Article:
Benetas is currently undertaking an extensive evaluation of the new approach to inform future builds in Heidelberg and Doncaster, and upgrades to existing sites.

“The feedback we have received from residents and their families about the approach at St Paul’s has been overwhelmingly positive,” said Ms Hills.

Benetas has been servicing the local Frankston and Mornington Peninsula areas for over 50 years, with Benetas Corowa Court Aged Care Apartments in Mornington and the former Benetas St Paul’s Court in Frankston.

The organisation also offers the full range of support in the home and respite services in the area.

“We’re very proud to be a part of the local Frankston and Mornington Peninsula community and look forward to supporting the needs of older people in the area well into the future,” said Ms Hills.

Click here to read more.

Anglicare WA Spring Appeal focuses on financial hardship
Anglicare WA has launched its annual Spring Appeal at a time when its financial counselling services are experiencing increasing demand from people struggling with everyday costs of living.

Chief Executive Officer for Anglicare WA, Ian Carter, said the state’s economic downturn, high rate of unemployment and sharp increases in public utility costs was a triple blow to many families who were “just a few paychecks from serious difficulty.”

According to Anglicare WA, some 240,000 Western Australians are living below the poverty line, with a further 150,000 at risk of financial hardship.

“Over the past year, 44 percent of Western Australian households experienced financial stress and just over 13 percent could not pay their electricity, gas or phone bills on time.

“In Perth’s northern suburbs, 30 percent of clients presenting to our financial counselling services are individuals struggling to pay their utility bill in the past six months, with the average utilities debt having jumped from $250 to $1,500 since 2016.

“People are not simply struggling with the jump in prices, but juggling multiple bills. Families and individuals already on tight budgets are sacrificing other essential items, such as food and medications, just to cover power bills.”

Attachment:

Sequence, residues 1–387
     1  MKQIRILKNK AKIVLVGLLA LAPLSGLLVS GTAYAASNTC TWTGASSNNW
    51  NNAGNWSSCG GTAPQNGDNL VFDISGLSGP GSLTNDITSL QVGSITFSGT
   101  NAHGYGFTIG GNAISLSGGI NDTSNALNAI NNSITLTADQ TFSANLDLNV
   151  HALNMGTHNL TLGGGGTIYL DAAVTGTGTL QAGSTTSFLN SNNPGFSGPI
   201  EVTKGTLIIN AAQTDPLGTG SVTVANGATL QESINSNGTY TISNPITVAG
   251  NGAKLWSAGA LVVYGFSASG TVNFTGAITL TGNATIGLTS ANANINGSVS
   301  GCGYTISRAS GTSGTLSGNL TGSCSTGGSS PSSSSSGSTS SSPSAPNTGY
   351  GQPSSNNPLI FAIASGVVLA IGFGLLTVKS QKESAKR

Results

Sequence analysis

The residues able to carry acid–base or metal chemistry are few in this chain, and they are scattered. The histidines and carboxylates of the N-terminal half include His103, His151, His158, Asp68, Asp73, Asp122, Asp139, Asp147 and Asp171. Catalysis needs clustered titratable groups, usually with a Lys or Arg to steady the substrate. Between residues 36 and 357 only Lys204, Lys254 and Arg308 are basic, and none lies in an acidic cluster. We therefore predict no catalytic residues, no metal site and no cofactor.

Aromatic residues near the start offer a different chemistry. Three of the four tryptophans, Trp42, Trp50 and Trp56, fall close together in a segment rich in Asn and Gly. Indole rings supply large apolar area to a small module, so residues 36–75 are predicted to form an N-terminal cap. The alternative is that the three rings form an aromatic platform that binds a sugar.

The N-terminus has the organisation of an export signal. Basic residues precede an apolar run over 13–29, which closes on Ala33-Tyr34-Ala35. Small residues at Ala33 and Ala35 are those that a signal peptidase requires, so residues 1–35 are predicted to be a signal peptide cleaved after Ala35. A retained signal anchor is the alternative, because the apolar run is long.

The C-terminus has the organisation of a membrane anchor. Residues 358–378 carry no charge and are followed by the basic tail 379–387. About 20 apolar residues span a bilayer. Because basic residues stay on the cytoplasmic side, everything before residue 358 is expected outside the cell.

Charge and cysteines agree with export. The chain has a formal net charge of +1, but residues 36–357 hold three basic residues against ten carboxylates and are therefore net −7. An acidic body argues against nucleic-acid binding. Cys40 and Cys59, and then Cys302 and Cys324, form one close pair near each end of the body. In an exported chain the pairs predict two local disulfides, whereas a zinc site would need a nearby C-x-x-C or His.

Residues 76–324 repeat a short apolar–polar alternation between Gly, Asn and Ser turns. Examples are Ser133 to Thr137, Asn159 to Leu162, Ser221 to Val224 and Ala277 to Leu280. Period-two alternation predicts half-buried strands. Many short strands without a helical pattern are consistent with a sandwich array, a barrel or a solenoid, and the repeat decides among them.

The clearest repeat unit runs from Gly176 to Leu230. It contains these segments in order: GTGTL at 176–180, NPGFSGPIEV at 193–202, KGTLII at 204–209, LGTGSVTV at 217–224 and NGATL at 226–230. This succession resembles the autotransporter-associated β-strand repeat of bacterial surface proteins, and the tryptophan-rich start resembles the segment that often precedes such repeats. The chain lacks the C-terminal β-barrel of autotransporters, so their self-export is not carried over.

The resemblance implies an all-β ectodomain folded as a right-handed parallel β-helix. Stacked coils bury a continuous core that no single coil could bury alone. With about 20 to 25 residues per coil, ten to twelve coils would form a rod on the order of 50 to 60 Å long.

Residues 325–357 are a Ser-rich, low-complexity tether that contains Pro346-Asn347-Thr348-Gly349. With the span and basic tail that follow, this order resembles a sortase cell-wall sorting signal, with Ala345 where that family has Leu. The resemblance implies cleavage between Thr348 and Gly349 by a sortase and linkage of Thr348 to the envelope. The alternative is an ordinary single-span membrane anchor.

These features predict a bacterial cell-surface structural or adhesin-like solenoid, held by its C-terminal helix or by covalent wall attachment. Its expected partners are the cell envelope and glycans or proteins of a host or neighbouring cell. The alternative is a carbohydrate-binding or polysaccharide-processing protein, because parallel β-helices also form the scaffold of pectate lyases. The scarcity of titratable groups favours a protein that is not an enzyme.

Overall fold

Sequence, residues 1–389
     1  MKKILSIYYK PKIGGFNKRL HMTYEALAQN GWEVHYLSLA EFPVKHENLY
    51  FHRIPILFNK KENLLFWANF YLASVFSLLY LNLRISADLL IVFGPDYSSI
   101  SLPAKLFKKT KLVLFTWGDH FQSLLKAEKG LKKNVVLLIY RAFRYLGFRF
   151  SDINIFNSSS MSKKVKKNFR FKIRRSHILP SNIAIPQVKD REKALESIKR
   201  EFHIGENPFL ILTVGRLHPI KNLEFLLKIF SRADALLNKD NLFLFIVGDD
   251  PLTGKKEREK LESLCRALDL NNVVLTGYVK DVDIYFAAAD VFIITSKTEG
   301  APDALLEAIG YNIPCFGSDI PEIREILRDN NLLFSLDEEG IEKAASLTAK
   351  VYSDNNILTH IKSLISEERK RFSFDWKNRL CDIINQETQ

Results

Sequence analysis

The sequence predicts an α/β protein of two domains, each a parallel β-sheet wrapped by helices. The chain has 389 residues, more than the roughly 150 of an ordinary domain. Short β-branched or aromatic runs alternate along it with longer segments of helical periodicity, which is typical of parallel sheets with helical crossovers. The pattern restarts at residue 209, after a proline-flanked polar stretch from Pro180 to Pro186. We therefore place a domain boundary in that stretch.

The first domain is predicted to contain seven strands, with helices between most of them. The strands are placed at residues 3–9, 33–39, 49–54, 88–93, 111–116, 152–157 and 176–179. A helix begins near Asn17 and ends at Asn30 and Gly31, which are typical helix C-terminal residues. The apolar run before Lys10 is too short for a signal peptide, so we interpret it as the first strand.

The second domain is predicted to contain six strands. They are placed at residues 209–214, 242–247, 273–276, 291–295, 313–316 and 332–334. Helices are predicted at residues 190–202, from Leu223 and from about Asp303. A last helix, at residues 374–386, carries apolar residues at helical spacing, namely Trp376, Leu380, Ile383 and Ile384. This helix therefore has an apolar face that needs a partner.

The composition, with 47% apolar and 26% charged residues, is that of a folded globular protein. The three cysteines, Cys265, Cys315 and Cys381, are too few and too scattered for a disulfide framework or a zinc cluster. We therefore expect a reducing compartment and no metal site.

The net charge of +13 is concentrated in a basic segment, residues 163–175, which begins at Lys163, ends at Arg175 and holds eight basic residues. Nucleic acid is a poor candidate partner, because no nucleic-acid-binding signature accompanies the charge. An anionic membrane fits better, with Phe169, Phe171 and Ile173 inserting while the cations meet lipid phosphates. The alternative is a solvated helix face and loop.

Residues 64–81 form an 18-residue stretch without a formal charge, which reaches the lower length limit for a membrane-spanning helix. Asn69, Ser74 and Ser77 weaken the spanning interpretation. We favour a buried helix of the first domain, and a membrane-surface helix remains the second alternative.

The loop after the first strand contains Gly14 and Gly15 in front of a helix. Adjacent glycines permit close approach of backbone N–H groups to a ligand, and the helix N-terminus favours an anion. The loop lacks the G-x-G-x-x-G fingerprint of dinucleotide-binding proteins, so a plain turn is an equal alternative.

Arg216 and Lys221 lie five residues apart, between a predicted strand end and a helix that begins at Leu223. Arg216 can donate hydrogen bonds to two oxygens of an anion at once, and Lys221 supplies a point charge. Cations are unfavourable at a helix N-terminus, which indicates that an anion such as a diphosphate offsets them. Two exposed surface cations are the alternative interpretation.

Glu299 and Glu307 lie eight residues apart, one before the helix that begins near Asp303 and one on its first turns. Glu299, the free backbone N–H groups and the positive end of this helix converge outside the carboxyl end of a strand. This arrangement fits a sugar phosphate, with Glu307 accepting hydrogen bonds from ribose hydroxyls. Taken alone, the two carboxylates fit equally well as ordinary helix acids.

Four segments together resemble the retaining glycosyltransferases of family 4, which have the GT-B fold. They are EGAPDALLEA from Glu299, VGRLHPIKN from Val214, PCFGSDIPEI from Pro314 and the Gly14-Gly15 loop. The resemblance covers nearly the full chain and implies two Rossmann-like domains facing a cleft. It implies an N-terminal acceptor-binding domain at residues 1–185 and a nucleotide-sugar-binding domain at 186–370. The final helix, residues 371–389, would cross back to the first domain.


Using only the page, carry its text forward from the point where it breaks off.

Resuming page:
Mr Carter said Anglicare WA’s Financial Counselling services are helping eligible clients with advice on reducing energy bills, access to Hardship Utility Grants and negotiating repayment plans with gas and electricity companies. In the last year more than 3,000 people used the service.

“We can also help eligible clients with no-interest loans of up to $1,500 so they can buy more energy efficient white goods to lower their bills,” Mr Carter said.

Mr Carter said monies raised from the Spring Appeal would go towards a range of services provided by his organisation, including support for homeless people and counselling services for children experiencing domestic violence.

“Our Spring Appeal is a reminder that supporting vulnerable Western Australians is something we do throughout the entire year, and we look to generous members of the public to assist us in this work,” Mr Carter said. 

Click here to read more, or make a donation by calling Anglicare WA on 9263 2091.

Churches to provide support to refugees to prevent them being forced back to danger
The Very Reverend Peter Catt, Anglican Dean of Brisbane has called on Australians to support a network of agencies who will provide necessary shelter and support to refugees whose income support and accommodation has been removed by the Turnbull government.

Rev CattLaunching an appeal for funds, the Rev Peter Catt, Chair of the Australian Churches Refugee Taskforce, said it would ensure people who have come to Australia seeking safety and protection, will be supported, so that they will not choose to return to places of harm through desperation.

“The people under attack are those who were offered Sanctuary last year,” Rev Catt said. “The Sanctuary offer is still on the table should the government make moves to forcibly remove these people.

“Our offer of Sanctuary precipitated a huge outpouring of support as the community recognised that the government was preparing to send people, including children, to places of harm. This lead to schools, hospitals and most states and territories being declared places of sanctuary, safety and welcome.

“We were very encouraged by this and call on the government to reverse its latest attempt to return these people, including children, to places of harm, such as Manus and Nauru, by starving them into it.

"Yesterday, over forty men and women went into an appointment with immigration, emerging penniless, without housing and terrified of returning to harm on Manus and Nauru. Among them were pregnant women and women that came to Australia for treatment after being sexually assaulted on Nauru.